Erie Indemnity Company appeals from the grant of summary judgment to plaintiff Lisa Lascala on the issue of insurance coverage. Erie is the insurer for the vehicle in which Lascala was injured while riding as a passenger and which was driven by Joan Lingrell, who was also injured. Erie's policy provides uninsured/underinsured motorist coverage limits of $250,000 per person and $500,000 per accident. The policy provides that an "underinsured" motor vehicle is "a motor vehicle [as to which] the sum of the applicable limits of liability under all . . . policies . . . applicable at the time of the accident is less than the applicable limits [of this policy]." (Emphasis supplied.)
The tortfeasor was John Hart. His insurer, Westfield Insurance Company, provides liability coverage with single limits of $300,000 per occurrence for personal injury and property damage. After deducting property damage paid, Westfield paid the remaining $296,963 of its per-occurrence limits to Lingrell and to appellee Lascala, so that each received half, or $148,481.50. Appellee Lascala's damages exceeded $285,000, which fact gave rise to the question whether she is entitled to coverage under Erie's underinsured motorist provision. Erie contends it owes no underinsured coverage to Lascala because Hart's vehicle is not "underinsured" according to Erie's policy language. Erie says that under Maryland law, which controls the operation of Erie's contract, the "applicable limits" of the tortfeasor's Westfield policy is the single limit of $300,000 per occurrence, which exceeds Erie's limits of $250,000 per person. Erie also contends it is entitled to a set-off of $35,000 which Lascala received from her own uninsured motorist coverage. Held:
1. Insurance contracts are governed by the ordinary rules of construction of contracts; where the language and meaning of the contract terms are plain and unambiguous, the court must treat it literally; and the court may resolve any ambiguities by application of the rules of construction of contract. Southeast Atlantic Cargo Operators v. First State Ins. Co., 197 Ga. App. 371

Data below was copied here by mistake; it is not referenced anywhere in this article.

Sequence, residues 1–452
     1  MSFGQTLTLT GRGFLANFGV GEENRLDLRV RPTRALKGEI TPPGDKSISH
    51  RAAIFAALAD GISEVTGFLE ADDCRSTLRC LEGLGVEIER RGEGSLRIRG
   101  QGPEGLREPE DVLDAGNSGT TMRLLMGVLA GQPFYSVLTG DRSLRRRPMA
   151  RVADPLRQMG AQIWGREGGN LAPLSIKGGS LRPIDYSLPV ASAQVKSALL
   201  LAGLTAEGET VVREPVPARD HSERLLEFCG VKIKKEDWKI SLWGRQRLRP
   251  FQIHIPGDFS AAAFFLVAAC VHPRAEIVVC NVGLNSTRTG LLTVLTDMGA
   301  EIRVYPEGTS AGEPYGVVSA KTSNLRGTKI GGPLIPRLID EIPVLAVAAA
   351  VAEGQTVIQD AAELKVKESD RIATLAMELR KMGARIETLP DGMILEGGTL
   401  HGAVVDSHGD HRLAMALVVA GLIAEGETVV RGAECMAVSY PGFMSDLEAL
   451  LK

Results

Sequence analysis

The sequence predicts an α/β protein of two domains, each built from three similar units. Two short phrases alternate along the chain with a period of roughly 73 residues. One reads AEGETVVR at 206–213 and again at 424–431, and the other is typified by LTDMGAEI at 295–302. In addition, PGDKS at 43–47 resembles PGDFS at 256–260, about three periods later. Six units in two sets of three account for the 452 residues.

, 372 (398 SE2d 264
). Where an insurance contract is ambiguous or is capable of being construed variously, it must be construed against the insurer and in favor of the insured. Claussen v. Aetna &c. Co., 259 Ga. 333 (380 SE2d 686)
; American Protection Ins. Co. v. Parker, 150 Ga. App. 732 (258 SE2d 540)
The omission by Erie of language specifically defining "applicable limits" does not deprive the underinsured provision of its reasonable meaning. The plain language is that underinsured status is determined by the "applicable" limits of all liability policies "at the time of the accident" in the particular instance to the particular insured. In this instance, the liability coverage "applicable" to appellee Lascala was one-half of Westfield's single limit coverage of $300,000 per occurrence.
The conceded effect of Westfield's single limit of $300,000 per occurrence is that Lascala got $150,000 (less property damage). It would be sophistic and uncertain to hold that the limits "applicable" to Lascala in this case were those theoretically "applicable" to both Lascala and Lingrell ($300,000) or to Lascala alone if she had been the only person injured ($300,000), when in fact she was entitled to, and got, only half that amount from Westfield. Nothing else is "applicable" to her in this instance, and it is unreasonable to base coverage on a theorization as to what might have been "applicable" to her in some other instance.
As the liability limits "applicable" to Lascala were less than $150,000 and the "applicable limits" of Erie's underinsured coverage with regard to Lascala were $250,000, we find this contract capable of only one reasonable construction, which is that Westfield's liability coverage "applicable" to Lascala is exceeded by Erie's underinsured coverage, and she is therefore entitled to coverage under Erie's underinsured provision. See Technology Distrib. v. American Computer Tech., 199 Ga. App. 785
, 786 (405 SE2d 907
). Erie has not persuaded us that any pertinent Maryland precedent requires a different result. The trial court's ruling on this issue is affirmed.
Jewett & Solomon, C. Lawrence Jewett, Jr., Jay I. Solomon, for appellee.